I found the above article about Twitter very interesting because I am relatively new to Twitter. I’m not at all opposed to social media, but I was resisting Twitter for some time, and I’ve even encountered others who feel the same way. I think, in my case at least, I was not happy with the tiny character limit that Twitter is known for. When I really start thinking about a topic, I usually need more room to put my thoughts into words.
This article talks about how a reporter from The Atlantic Wire wrote that Twitter is “ruining American Politics” by allowing politicians to exist in a forum where they only encounter their supporters and bypass journalists completely.
The author of this article, Mathew Ingram, disagrees – and I do as well. Through social media, political candidates can talk directly to the public. Yes, it’s true that only their supporters will be following them on Twitter – but many Tweets make the news even if you are not following that person. This kind of communication cuts out the middle-man – so to speak – the press. So naturally the members of the press are going to complain about it.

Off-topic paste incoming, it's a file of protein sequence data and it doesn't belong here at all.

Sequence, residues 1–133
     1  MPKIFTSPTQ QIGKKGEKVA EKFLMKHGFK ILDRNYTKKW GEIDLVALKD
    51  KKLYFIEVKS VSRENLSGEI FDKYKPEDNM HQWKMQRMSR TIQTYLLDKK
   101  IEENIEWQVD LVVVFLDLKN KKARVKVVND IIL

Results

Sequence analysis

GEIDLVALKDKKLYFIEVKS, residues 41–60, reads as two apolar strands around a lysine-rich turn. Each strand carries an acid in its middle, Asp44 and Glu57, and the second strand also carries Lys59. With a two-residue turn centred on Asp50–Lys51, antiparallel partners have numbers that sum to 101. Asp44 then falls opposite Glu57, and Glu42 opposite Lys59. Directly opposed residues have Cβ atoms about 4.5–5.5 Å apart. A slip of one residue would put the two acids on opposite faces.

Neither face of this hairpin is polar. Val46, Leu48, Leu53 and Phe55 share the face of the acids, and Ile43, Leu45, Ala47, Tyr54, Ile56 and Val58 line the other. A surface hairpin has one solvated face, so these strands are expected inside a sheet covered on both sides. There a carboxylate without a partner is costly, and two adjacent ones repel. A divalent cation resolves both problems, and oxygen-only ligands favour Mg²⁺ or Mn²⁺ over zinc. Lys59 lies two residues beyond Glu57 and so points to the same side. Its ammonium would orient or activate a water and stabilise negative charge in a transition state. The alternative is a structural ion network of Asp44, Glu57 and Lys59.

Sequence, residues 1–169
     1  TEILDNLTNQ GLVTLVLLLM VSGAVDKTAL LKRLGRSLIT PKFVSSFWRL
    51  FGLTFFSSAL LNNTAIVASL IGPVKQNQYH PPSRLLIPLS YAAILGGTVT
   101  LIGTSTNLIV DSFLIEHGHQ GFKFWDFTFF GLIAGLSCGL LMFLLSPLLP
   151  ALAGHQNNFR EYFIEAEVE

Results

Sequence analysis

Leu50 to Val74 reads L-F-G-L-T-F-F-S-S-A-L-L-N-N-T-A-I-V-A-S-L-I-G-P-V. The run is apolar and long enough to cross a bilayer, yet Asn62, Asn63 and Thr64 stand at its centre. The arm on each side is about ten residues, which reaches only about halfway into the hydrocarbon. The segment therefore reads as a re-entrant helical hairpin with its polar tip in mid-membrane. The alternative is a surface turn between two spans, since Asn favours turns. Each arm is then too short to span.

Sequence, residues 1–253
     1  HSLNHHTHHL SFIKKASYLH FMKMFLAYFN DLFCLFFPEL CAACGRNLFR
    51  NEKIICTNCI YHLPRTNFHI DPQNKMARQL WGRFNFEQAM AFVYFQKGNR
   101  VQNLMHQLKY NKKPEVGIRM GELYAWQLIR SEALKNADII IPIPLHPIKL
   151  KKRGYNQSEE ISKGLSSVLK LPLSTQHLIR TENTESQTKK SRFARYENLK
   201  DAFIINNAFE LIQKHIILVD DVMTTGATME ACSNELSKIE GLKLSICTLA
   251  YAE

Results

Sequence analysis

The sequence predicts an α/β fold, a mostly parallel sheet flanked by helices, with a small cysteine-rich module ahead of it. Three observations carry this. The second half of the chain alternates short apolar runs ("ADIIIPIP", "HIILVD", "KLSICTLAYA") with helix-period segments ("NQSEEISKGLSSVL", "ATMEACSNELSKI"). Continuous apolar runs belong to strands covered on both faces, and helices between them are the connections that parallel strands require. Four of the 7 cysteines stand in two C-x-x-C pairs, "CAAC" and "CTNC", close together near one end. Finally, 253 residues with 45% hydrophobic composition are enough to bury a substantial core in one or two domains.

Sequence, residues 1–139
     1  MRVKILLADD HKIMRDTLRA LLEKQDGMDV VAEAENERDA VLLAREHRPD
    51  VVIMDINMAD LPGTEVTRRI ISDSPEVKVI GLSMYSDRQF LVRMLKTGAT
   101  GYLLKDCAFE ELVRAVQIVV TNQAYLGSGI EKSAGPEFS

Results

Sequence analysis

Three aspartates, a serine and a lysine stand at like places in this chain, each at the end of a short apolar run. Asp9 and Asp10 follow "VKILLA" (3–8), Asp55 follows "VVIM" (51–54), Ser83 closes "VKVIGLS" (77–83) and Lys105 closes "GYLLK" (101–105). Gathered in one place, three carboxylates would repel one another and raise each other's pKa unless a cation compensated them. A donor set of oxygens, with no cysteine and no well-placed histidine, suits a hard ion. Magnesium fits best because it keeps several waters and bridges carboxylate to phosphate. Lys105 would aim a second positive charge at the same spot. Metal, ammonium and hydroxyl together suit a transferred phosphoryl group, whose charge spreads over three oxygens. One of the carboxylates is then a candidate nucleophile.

A CNN reporter is quoted as saying that it’s the press’ “ ‘independent perspective’ that is essential for a democracy.” The press may have served that important purpose at one time, but more and more lately I am discourage to see that they don’t serve that purpose anymore! The press really gets on my nerves with how unfairly they report some things. So, in that case, if social media like Twitter give the public an alternative way of hearing from candidates then I think that is a big plus. I also agree that while social media demands transparency, that can be a very good thing – especially in the political arena.
If Twitter is helping to give the public a new way of hearing from politicians, then I am even happier that I am now a member of that forum.